"It's about raising consciousness about our culture's sexualization of the breast. Breast-feeding needs to be supported wherever and whenever it happens. Babies don't know the meaning of `wait,'" said Chelsea Clark, 31, wearing a "Got breast milk?" T-shirt as she nursed her 9-week-old son at the Burlington airport.

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Wednesday, November 22, 2006

Happy Thanksgiving

My morning has gotten away from me, so I will have to save my updates for this weekend.

I wish all a wonderful Thanksgiving - may your holiday be filled with family and friends and love, and may your travels be safe and uneventful.

Let nursing mothers be (Boston Globe)

BREAST-FEEDING is back in the news, thanks to a flight attendant for a small regional airline who ordered a nursing mother off a plane in Vermont last month. Advocates of this healthful practice rallied around, and yesterday chose one of the busiest airline travel days to stage "nurse-in" protests at airports around the country.

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Tuesday, November 21, 2006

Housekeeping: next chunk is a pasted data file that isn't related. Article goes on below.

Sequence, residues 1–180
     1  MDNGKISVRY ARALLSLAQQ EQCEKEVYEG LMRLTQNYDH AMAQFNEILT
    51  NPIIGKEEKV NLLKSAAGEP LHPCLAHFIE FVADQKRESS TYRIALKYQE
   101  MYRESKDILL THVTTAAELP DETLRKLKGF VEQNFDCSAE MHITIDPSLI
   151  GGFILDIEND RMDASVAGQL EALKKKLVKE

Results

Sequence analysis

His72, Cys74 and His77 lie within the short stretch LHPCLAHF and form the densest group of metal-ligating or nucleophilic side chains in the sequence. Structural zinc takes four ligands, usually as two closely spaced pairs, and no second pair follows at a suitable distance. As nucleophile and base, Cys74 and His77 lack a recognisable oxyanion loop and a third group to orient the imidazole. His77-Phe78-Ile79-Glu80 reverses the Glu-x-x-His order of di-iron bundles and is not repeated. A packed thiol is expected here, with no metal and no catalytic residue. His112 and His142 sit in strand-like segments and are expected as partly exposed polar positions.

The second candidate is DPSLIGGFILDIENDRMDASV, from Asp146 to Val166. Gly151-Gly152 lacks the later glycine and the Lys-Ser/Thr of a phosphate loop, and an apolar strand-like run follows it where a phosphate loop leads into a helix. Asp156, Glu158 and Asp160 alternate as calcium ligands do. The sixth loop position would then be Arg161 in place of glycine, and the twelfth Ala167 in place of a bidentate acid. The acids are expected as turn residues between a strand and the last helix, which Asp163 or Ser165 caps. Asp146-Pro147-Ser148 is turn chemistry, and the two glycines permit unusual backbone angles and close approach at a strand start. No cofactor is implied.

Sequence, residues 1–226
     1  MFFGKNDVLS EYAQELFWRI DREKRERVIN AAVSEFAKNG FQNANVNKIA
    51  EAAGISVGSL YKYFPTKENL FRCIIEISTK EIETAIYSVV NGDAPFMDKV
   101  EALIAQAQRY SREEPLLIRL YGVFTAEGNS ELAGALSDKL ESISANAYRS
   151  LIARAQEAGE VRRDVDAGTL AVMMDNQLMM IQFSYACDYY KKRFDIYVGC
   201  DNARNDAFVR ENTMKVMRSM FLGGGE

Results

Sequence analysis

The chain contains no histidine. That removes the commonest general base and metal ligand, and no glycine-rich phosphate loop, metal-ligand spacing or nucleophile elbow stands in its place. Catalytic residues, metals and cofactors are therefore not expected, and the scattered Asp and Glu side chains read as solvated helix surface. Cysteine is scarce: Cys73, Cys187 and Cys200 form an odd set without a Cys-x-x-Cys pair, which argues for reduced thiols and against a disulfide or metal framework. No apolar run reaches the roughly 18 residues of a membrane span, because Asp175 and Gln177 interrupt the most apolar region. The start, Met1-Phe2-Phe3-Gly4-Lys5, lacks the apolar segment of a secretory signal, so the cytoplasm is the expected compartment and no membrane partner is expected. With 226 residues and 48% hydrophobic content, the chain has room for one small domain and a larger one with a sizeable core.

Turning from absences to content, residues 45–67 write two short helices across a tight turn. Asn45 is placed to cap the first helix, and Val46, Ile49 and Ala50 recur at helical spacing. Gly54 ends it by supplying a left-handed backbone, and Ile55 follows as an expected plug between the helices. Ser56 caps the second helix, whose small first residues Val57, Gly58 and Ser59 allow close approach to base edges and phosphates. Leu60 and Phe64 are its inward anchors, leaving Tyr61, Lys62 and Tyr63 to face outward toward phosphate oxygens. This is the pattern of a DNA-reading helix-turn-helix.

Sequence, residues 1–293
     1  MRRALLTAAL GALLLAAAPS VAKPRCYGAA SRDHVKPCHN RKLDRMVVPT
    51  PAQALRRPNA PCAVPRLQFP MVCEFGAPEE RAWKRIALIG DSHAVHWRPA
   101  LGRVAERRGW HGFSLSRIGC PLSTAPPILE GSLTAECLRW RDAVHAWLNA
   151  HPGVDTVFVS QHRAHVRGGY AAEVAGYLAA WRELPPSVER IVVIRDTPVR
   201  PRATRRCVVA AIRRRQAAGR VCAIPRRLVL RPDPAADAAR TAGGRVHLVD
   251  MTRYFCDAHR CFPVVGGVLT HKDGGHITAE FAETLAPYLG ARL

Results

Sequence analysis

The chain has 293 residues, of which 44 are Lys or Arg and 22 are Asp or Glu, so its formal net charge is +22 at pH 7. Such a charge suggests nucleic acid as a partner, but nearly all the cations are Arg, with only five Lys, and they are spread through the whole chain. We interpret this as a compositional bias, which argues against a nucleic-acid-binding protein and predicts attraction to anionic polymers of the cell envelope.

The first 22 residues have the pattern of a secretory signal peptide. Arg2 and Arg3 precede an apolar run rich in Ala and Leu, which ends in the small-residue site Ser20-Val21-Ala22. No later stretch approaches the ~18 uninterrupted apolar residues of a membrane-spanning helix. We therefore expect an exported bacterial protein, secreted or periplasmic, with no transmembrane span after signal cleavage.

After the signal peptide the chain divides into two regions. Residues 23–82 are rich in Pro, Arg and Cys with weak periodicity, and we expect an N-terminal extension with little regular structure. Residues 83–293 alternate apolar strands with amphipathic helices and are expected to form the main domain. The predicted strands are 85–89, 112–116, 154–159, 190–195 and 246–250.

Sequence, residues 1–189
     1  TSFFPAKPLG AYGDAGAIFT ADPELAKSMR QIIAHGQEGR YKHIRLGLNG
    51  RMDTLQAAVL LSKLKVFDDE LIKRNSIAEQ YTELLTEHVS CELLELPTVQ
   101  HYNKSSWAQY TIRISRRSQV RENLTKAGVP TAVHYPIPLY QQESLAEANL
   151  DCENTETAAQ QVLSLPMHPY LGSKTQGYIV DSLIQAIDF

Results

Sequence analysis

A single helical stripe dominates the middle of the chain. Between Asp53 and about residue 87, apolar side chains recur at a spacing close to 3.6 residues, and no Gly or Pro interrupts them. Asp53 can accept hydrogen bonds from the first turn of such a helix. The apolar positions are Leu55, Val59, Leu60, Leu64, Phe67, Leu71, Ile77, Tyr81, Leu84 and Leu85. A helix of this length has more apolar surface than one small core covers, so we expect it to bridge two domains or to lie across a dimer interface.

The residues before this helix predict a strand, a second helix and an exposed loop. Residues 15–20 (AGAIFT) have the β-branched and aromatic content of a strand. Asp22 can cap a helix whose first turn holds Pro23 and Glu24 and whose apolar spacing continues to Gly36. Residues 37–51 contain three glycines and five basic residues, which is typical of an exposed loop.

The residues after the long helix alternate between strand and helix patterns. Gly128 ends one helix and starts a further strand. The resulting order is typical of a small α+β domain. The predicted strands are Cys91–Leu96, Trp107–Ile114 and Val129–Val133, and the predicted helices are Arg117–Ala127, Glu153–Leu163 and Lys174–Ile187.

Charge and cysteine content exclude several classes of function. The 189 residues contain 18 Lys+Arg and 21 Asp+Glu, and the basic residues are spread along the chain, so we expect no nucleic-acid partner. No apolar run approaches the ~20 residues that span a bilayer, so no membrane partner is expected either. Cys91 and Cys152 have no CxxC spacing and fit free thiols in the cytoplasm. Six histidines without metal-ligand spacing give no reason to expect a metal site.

Hathor's take on the Freedom Airlines incident

Hathor the Cowgoddess has a great comic on the Emily Gillette incident....

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Logan Airport Nurse-In

So, the newswires are all afire with the reports of nurse-ins across the country. Overall, the coverage has been fair, even favorable.

My daughter and I attended the nurse-in at Boston's Logan Airport this morning. Up until this very morning, I wasn't sure if we were going to be attending; the Peanut has been having a very emotional couple of weeks, grieving quite deeply and in a simultaneously complicated and straightforward manner for the loss of a beloved friend and family member. This morning, however, the Boston Globe covered the planned nurse-ins on the front page, and when I told my three year old about it, she was thrilled.

"But why did they make that mama get off the plane?" she asked. "Because the flight attendant didn't like breastfeeding," I explained. "Will they make me get off the plane the next we go on it?" she asked with great concern. Despite being weaned, once a breastfed child, always a breastfed child in her mind. "That's why the people are going to the airports, lovebug - because they don't want to see this happen to anybody else." She nodded solemnly and said, "I want to give the bag the boot* - let's go."